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Rhodamine 123 as a vital stain for mitochondria of plant cells

Rhodamine 123 as a vital stain for mitochondria of plant cells

Plant Cell & Environment 11(2): 123-128

Rhodamine 123 (Rh 123), a relatively new mitochondrial marker, little used in the study of plant cells, was tested on excized leaves of Elodea canadensis Michx. and on suspension-cultured cells of Ranunculus serbicus Vis. In both preparations, the dye accumulated rapidly and selectively in the mitochondria whose number, morphology and cell distribution could be easily observed. In the presence of Rh 123, cytoplasmic movements could also be perceived and the spatial arrangement of the mitochondria with respect to that of the autofluorescent chloroplasts was studied in connection with a normal or altered cytoskeletal framework. The specific uptake of Rh 123 by the organelles seemed to be potential-dependent since it was influenced by cations, ionophores and inhibitors of electron transport. Short exposures to the stain were practically non-toxic, whereas prolonged treatments (6-20 h) provoked specific alterations in structure of the mitochondria. The data reported here indicate that Rh 123 may be an excellent vital stain to study the morphology, function and dynamics of the mitochondria in living plant cells.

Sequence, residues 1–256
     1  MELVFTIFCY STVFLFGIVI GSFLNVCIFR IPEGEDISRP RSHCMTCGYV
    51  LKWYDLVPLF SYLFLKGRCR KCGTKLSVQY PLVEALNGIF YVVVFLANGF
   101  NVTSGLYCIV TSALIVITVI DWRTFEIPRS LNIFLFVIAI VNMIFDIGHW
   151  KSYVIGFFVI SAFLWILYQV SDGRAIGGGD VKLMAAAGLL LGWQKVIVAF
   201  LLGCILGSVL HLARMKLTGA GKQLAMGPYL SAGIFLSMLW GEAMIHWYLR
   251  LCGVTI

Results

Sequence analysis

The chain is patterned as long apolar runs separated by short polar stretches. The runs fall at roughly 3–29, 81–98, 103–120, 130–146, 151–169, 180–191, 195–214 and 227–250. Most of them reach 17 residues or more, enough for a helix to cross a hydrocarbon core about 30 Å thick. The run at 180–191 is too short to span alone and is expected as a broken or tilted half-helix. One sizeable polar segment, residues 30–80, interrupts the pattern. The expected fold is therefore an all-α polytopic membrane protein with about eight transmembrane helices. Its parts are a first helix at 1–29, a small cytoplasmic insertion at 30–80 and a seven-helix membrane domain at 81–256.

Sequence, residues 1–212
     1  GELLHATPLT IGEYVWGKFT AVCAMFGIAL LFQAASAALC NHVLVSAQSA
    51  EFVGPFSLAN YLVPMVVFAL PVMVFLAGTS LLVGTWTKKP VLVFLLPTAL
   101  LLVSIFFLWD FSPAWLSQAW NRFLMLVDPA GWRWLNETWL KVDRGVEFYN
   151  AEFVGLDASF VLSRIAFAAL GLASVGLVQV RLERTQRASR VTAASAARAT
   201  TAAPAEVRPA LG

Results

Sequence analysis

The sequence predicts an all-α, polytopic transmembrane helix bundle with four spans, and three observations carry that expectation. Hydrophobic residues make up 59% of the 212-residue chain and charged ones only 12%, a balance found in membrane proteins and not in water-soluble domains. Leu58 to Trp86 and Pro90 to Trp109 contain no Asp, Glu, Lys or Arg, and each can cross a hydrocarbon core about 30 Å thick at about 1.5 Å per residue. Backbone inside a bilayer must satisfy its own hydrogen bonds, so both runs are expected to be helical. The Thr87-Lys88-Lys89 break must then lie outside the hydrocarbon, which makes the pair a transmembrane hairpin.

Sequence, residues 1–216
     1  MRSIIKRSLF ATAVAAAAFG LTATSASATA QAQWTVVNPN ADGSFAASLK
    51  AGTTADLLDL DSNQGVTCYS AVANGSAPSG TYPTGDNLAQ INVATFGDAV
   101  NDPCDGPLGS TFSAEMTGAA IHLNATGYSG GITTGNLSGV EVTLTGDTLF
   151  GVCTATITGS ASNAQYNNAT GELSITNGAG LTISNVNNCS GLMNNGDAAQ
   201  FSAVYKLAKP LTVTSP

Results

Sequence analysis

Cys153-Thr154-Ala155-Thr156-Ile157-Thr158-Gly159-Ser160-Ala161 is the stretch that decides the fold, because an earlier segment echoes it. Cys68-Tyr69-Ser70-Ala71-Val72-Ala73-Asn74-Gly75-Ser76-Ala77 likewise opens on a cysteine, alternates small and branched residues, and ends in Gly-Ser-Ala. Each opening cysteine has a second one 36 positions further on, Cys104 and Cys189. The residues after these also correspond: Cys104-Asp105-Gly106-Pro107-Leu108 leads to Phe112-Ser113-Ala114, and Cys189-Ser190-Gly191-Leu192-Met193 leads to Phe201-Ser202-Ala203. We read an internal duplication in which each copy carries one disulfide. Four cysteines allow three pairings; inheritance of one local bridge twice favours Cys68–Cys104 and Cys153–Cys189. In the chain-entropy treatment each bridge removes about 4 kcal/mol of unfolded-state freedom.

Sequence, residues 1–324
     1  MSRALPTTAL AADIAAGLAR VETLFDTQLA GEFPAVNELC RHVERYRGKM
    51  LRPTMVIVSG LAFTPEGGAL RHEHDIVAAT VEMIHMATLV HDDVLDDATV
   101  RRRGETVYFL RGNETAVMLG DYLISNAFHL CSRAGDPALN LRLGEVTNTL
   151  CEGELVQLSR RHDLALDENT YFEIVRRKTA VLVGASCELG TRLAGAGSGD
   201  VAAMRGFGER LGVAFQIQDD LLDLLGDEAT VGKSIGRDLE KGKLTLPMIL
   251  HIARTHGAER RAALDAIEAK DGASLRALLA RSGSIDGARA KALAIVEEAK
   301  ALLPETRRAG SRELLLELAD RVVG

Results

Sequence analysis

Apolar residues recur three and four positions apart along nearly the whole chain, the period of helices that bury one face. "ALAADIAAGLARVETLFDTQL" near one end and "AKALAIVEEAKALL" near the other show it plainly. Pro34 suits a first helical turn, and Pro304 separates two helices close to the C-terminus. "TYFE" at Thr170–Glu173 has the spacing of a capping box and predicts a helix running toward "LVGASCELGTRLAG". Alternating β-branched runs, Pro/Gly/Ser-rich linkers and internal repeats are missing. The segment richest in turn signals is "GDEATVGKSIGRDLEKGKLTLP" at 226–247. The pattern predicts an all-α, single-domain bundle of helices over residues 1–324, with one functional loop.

Accession: 006342388

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DOI: 10.1111/1365-3040.ep11604901

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